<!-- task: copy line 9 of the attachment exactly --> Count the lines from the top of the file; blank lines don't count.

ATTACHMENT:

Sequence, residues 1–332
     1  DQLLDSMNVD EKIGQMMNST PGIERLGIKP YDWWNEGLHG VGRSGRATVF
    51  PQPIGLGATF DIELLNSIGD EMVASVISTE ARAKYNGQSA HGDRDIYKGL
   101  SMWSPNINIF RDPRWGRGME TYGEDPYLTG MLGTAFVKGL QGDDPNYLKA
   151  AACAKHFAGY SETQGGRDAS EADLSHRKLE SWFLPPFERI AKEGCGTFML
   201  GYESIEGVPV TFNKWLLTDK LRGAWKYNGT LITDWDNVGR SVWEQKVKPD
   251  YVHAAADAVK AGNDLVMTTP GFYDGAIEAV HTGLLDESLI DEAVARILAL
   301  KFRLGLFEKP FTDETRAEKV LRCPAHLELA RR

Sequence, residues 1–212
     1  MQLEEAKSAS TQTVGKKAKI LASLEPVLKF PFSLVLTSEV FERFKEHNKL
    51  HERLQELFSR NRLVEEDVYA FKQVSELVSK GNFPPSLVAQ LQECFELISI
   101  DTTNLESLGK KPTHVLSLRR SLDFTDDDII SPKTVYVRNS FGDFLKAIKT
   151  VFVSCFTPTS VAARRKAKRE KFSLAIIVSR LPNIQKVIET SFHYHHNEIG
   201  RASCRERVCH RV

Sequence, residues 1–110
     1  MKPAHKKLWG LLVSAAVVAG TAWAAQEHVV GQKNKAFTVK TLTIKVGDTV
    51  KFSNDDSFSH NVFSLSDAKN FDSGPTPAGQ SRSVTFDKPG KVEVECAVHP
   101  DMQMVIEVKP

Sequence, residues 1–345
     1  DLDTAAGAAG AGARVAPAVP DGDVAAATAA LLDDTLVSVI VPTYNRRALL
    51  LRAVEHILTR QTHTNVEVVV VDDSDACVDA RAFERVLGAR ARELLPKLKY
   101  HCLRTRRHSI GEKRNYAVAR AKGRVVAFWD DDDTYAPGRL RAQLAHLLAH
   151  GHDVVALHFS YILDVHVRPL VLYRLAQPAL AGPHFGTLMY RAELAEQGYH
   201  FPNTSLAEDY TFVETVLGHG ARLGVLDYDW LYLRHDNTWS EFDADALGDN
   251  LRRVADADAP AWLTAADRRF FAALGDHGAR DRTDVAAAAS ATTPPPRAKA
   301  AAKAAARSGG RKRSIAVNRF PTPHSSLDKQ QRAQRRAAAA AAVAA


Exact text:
Sequence, residues 1–212